The Science of the Invisible: Abduction and Knowledge

The Science of the Invisible: Abduction and Knowledge

International Workshop and PhD Seminar on Interdisciplinary Approaches to Abduction


29.05.2017 kl. 10.00 - 17.00


Picture by Luca Tateo.

The Science of the Invisible: Abduction and Knowledge

International workshop and PhD seminar on interdisciplinary approaches to abduction



Human and social sciences basically deal with invisible objects, that is "Consider what effects, that might conceivably have practical bearings, we conceive the object of our conception to have. Then, our conception of these effects is the whole of our conception of the object." (Peirce). Theoretical notions such as mind, culture, group, etc. are actually developed through this epistemological approach. While claiming to develop concepts through inductive empiricism, the sciences of human being can develop new concepts only by abductive operations. For instance, we can know about culture only by observing its visible effects, but once we have created the notion of culture, then we can categorize some specific human activities by this concept.

Based on Peirce, if abduction is "the process of forming explanatory hypotheses. It is the only logical operation which introduces any new idea” (CP 5.172), it should be relevant every time you have to build a new organization of meaning from "absence" or a specific meaningful configuration which is not strictly inductive/deductive.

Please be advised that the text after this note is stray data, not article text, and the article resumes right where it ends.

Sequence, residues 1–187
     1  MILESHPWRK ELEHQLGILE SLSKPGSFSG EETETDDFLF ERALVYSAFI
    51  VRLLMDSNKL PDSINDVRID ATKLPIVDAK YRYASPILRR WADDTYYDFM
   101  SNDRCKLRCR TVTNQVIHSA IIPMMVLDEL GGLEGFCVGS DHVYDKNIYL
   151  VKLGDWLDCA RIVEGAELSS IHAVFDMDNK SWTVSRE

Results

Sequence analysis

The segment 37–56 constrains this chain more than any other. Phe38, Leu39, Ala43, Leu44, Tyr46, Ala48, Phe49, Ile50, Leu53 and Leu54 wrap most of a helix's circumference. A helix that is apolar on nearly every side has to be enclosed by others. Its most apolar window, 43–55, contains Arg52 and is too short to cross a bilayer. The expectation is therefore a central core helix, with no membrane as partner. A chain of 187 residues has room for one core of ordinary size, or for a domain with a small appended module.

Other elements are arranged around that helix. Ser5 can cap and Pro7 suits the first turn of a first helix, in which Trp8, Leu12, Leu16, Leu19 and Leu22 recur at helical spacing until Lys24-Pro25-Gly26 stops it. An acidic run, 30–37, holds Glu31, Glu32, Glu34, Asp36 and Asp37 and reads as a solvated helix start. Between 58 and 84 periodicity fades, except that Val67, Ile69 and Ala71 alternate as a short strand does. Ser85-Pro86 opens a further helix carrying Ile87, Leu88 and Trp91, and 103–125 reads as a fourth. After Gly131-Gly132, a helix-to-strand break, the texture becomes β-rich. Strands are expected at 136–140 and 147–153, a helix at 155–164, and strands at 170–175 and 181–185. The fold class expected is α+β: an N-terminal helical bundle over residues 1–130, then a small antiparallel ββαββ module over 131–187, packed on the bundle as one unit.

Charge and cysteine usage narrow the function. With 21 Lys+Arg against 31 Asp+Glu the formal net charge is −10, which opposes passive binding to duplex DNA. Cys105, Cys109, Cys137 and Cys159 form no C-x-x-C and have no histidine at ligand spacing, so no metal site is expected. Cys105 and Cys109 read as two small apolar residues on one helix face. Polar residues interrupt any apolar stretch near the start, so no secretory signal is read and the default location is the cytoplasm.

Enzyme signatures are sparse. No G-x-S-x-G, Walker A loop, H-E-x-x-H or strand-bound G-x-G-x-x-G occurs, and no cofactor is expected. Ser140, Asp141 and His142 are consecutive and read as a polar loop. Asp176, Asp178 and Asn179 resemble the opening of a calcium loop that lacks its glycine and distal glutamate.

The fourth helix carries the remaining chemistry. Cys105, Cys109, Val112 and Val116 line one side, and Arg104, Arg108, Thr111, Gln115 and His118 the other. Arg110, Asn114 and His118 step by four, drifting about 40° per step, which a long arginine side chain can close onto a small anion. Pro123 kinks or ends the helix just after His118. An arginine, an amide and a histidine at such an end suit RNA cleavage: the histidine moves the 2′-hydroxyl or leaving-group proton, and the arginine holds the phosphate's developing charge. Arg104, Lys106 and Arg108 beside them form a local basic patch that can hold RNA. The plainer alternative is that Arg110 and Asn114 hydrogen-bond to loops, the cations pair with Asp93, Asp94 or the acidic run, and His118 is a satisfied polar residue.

Peirce, in "Pragmatism as the Logic of Abduction", writes: “What is good abduction? What should an explanatory hypothesis be to be worthy to rank as a hypothesis? Of course, it must explain the facts. But what other conditions ought it to fulfill to be good? .... Any hypothesis, therefore, may be admissible, in the absence of any special reasons to the contrary, provided it be capable of experimental verification, and only insofar as it is capable of such verification”.

Abduction is thus the science of the absent, of the not-yet-there, which makes it extremely suitable for any developmental approach to the study of human beings.



The aim of the workshop is to explore the process and logic of abduction in relation to the ways different disciplines generate new ideas. The goal is to explore the concept of abduction from the perspective of different activities that require something more than inductive/deductive meaning-making. The workshop will also introduce the concept of abduction to some PhD students, providing a specific competence in epistemology that is sometimes overlooked in doctoral training.

The concept is to put together semioticians, psychologists, medical doctors, detectives, archaeologists, etc.  We think that examples of abduction could be in the archaeologist or paleontologist that has to reconstruct a scenario of human activity from scattered traces, a doctor who has to interpret the semiosis of symptoms, or a detective which is able to see "beyond" the crime scene, etc.

The planning is a one-day workshop divided in 2 parts: a field activity at the Lindholm Høje archaeological site and an afternoon workshop session to develop the concept of abduction.


Scientific programme

May 29 at the Lindholm Høje Museum

10-12: Field work on the archaeological site: reconstructing the life based on invisible evidences